So, you know, when it comes to the internal personnel management of the Ukrainian government I'd refer you to Ukraine. I would say from a Department of Defense standpoint we're not aware of any type of widespread issues regarding corruption that would — that would negatively impact the fight.
And I would also highlight, as evidenced by the situation on the ground and the progress that they made, Ukrainians continue to be very, very focused on deterring Russia, defending their territory and taking back territory where they can.
Q: Can I follow that —
GEN. RYDER: Yes, you can.
Q: Thank you, sir. President Zelensky said in a statement that Russia leadership are preparing for revenge and amassing forces. Where do you think this is headed next?
GEN. RYDER: Where do I think the conflict is headed next? Well, I mean, Russia's been very clear that they're still committed to the strategic objectives that they set out for themselves at the beginning of their invasion, which is to completely conquer and eliminate Ukraine as a country.
So, the United States our allies and our international partners are focused on providing Ukraine with the security assistance they need to prevent that from happening. And so, far Russia has failed in accomplishing its strategic objectives. And so, we're going to continue to support Ukraine for as long as it takes. Thank you.
Q: And another question?
GEN. RYDER: Joe?
Q: Thank you so much. Could you confirm if the Pentagon has used its stockpile of ammunitions in Israel to keep the flow of weapons for the Ukrainians?
GEN. RYDER: Yes, thanks, Joe. So, for operation security reasons we're not going to talk about where particular equipment or material comes from that we used to replenish our own stockpiles.
All right, let me go to the phone here, Jeff Schogol, Task & Purpose.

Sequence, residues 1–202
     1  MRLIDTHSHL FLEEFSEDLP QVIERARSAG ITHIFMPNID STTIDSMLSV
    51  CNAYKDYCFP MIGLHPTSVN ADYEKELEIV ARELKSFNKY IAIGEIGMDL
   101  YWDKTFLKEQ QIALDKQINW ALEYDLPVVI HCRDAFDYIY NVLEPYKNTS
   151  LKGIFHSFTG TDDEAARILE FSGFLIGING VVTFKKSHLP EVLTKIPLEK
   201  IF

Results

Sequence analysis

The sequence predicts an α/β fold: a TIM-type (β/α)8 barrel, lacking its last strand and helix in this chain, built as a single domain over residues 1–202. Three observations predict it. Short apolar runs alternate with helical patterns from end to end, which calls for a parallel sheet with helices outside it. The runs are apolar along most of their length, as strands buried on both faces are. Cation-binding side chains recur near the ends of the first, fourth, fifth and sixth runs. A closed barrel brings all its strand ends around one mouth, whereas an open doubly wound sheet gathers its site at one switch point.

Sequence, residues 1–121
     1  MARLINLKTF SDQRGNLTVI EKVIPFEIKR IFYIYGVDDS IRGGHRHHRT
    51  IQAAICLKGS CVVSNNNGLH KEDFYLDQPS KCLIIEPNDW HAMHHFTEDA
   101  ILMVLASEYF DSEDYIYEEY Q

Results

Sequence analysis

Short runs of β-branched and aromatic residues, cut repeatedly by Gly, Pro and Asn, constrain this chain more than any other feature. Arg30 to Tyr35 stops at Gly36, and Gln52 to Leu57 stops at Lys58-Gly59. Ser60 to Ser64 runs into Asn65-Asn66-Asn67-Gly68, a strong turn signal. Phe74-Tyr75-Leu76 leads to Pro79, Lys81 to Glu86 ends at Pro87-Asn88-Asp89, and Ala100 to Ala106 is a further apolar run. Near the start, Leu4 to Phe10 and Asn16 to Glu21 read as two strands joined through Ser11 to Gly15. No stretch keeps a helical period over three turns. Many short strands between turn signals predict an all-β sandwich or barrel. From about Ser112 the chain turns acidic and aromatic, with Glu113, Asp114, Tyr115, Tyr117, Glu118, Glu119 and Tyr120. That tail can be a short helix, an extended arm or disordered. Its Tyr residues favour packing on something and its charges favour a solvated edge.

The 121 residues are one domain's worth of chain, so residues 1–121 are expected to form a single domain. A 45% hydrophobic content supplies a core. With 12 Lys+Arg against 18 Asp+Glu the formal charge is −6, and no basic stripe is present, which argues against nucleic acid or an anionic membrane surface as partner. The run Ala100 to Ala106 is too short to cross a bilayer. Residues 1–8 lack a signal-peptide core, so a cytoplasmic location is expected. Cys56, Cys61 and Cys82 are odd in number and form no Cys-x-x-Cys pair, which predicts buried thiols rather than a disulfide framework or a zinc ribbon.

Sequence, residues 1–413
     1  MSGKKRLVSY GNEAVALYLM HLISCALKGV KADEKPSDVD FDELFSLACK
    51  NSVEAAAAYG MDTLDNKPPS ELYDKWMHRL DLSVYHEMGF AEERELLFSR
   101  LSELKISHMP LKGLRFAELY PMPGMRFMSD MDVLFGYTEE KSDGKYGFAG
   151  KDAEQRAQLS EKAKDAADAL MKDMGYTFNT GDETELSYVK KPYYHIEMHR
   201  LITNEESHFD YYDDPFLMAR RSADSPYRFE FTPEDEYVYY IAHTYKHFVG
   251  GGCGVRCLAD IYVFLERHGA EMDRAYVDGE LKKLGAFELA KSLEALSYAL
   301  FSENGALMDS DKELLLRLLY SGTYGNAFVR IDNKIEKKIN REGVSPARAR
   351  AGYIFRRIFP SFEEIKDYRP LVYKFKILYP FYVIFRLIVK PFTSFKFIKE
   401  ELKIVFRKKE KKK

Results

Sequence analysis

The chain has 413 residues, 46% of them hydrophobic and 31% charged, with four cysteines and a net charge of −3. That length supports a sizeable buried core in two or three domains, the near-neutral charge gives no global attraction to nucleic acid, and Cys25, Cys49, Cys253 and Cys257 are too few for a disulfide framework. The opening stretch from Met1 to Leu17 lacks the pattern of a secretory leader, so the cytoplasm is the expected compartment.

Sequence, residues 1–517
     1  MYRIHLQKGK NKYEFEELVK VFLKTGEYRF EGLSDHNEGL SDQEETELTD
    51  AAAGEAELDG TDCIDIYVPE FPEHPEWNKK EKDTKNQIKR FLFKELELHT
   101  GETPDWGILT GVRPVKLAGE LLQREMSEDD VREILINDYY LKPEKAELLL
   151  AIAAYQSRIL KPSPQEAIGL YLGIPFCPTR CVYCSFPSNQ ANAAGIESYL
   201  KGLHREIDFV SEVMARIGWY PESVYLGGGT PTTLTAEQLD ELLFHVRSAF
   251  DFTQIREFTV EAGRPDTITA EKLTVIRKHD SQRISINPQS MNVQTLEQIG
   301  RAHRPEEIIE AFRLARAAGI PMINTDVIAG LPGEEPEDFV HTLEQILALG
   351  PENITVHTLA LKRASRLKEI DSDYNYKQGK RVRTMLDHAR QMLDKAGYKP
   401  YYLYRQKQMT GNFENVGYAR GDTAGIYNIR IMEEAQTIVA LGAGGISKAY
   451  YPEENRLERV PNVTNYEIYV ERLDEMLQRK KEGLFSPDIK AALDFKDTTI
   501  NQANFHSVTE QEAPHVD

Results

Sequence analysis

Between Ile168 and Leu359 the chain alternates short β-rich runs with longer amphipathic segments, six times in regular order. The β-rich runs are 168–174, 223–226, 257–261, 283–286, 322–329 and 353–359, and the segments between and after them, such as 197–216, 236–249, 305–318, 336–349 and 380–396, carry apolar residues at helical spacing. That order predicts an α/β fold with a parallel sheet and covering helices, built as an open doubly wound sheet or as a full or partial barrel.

Q: Thank you. I realize you referred my colleague's question about whether Germany has informed the United States that it's sending Leopard tanks to the German government, but we live at the tyranny of time and distance and it's 7:30 p.m. there. And trying to get ahold of a German government official after hours is difficult.
So, I would like to re-ask the question. Has — does the Defense Department have any sort of notification from the German government that it intends to give Ukraine Leopard 2 tanks?
GEN. RYDER: Yes, thanks — thanks, Jeff. Despite the time difference, my response will remain the same, that I'm not going to speak for the German government. We do, of course, maintain ongoing and robust dialogue with one another as allies. But I don't have anything to announce from the podium here. Thank you.
Let me go to Alex, Washington Post.
Q: Hey, Pat, thanks. You've said a few times now that you're focused on immediate battlefield needs. But you've had some foot-stomping moment saying, you know, medium and long-term things to bolster their defense. So, are you suggesting that M1s figure into the longer term USAI but kind of couple years out type of strategy? And then I have a question about M1 capability.
GEN. RYDER: Yes, thanks, Alex. So again, when it comes to the M1, I don't have anything to announce. You know, you've heard us talk in the past about the capability that the M1 brings to the U.S. forces. You've also heard us talk about the maintenance and training associated with it, the complex maintenance associated with it.
But you've heard us, also, talk about other capabilities and that when it comes to their — the medium and long-term defense of Ukraine, that we're going to keep all options on the table. So, nothing to announce today. And when and if we do, we'll be sure to let you know. Okay?
Q: And I had a question —
GEN. RYDER: And you had one more, I'm sorry.
Q: Yeah, you know, Colin Kahl and — and others have talked about the — the fuel burden, specifically because it takes JP-8. So the — the system is a — is a multi-fuel system, so I — I'm kind of curious if you can clarify if this is a — a type of fuel problem or is that — it's just a fuel burning in general issue?